Los Angeles, Sep 28 (EFE).- The day-to-day lives of Mexico’s high-society youth form the basis for a new reality-TV series titled “Made in Mexico,” which will premiere on Netflix on Friday.
The series shows that “fresas” (a slang term in Mexico for superficial and snobbish upper-class young people) also cry, laugh, get angry, dance, party and feel frustrated.
Posh restaurants and country homes serve as the backdrop for this reality show, which shows the affluent lives of Mexico City’s elite yet also aims to break down stereotypes about their supposed carefree existence in a country sadly known for its gaping economic inequality. Fotograma cedido por Netflix de “Made in Mexico”, el nuevo “reality-show” de Netflix que se estrena mañana. El día a día de la alta sociedad mexicana es la base de “Made in Mexico”, donde las “fresas” (pijos, coloquialmente, en México) también lloran. Y se ríen, se enfadan, bailan, festejan y se desesperan. EFE “Everything that happened is real. Everything we say we feel. If someone’s crying, it’s because they feel that way; if someone gets angry, it’s because they’re feeling that. And that’s what makes ‘Made in Mexico’ different,” Columba “Colu” Diaz, one of the nine cast members of the new series, said in an interview with EFE in Los Angeles.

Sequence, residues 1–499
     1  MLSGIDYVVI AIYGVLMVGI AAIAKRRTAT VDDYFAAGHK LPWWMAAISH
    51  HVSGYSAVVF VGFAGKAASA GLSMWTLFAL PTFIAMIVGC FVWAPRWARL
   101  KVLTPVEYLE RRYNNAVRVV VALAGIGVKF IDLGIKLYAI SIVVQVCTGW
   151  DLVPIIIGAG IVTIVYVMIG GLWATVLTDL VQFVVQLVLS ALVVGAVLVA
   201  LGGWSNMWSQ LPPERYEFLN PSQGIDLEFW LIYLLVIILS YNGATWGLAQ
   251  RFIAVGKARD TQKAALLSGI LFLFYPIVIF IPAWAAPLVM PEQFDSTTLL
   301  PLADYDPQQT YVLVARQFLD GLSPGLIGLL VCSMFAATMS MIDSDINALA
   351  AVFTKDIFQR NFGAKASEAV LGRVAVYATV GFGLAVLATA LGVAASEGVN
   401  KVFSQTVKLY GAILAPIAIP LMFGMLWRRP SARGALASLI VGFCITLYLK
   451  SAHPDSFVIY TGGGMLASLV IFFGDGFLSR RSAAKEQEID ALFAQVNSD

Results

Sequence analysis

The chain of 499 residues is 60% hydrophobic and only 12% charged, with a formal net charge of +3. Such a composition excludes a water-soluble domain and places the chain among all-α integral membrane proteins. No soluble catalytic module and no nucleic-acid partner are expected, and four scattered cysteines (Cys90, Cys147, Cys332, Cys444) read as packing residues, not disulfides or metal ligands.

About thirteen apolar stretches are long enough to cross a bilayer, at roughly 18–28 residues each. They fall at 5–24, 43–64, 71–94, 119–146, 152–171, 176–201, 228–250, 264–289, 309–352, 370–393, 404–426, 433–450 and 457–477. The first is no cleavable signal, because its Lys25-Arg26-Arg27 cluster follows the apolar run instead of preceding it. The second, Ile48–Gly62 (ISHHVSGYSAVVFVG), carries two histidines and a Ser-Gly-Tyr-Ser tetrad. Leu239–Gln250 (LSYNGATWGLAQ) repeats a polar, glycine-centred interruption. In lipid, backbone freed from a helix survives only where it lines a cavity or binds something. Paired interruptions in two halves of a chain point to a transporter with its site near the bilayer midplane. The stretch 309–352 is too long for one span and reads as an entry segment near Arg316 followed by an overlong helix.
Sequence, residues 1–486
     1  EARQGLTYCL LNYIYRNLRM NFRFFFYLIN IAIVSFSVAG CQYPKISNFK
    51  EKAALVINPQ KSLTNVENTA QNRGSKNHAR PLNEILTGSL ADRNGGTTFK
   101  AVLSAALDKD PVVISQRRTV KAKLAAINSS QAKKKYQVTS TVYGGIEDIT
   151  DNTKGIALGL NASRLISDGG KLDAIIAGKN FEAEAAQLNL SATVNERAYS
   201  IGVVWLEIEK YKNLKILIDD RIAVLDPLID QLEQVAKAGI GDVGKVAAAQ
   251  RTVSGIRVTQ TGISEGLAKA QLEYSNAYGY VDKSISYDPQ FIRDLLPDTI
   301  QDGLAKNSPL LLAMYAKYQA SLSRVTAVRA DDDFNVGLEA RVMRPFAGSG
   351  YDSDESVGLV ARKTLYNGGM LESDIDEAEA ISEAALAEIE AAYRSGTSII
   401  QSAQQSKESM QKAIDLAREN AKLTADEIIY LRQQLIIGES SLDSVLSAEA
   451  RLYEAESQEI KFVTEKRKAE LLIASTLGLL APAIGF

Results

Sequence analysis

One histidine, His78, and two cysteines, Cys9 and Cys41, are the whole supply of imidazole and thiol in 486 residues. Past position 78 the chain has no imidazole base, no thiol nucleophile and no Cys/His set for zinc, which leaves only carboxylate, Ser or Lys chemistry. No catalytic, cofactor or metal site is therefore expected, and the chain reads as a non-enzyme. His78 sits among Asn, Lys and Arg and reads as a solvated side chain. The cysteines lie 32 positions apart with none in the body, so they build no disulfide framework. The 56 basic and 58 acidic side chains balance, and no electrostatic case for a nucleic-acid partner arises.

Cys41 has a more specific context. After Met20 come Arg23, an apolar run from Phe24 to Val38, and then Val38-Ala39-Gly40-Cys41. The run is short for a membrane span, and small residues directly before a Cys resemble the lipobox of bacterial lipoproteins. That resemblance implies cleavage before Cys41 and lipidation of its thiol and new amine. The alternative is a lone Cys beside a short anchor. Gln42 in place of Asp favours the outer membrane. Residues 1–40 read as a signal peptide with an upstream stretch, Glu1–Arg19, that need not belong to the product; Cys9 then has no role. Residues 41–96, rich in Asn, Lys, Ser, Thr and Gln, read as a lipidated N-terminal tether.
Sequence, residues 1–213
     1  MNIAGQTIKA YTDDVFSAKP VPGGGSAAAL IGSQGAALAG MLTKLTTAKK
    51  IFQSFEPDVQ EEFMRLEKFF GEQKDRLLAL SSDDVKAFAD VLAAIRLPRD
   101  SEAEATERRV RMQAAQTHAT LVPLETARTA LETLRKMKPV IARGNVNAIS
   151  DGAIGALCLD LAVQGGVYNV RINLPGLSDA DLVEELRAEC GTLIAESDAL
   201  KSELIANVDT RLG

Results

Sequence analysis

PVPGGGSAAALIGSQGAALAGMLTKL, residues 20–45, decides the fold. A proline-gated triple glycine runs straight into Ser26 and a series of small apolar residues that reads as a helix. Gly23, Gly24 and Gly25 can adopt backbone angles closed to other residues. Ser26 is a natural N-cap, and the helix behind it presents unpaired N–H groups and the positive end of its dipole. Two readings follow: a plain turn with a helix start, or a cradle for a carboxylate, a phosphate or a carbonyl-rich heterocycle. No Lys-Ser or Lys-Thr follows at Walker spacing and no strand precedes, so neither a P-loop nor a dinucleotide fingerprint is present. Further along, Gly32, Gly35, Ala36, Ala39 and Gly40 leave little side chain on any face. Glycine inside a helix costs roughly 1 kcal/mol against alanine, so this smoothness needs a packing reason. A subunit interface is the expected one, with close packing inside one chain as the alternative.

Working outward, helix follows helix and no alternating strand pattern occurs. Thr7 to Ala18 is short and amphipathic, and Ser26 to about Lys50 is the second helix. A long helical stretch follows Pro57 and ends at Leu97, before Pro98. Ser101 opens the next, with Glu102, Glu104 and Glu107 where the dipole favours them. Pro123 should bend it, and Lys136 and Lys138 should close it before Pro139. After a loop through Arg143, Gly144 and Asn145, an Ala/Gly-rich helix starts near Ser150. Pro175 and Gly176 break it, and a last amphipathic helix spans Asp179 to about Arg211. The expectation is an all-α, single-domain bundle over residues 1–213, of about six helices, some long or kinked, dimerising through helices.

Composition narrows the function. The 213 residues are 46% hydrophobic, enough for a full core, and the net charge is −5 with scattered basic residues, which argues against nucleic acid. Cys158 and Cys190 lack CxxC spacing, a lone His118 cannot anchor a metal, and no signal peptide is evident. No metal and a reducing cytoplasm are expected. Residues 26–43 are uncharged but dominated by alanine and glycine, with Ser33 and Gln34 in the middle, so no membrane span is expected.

“The human element was really tough … None of the topics were taboo or untouchable, we had no limits. On the contrary. I think we opened up about things we were avoiding in our personal lives,” said Kitzia Mitre, […]
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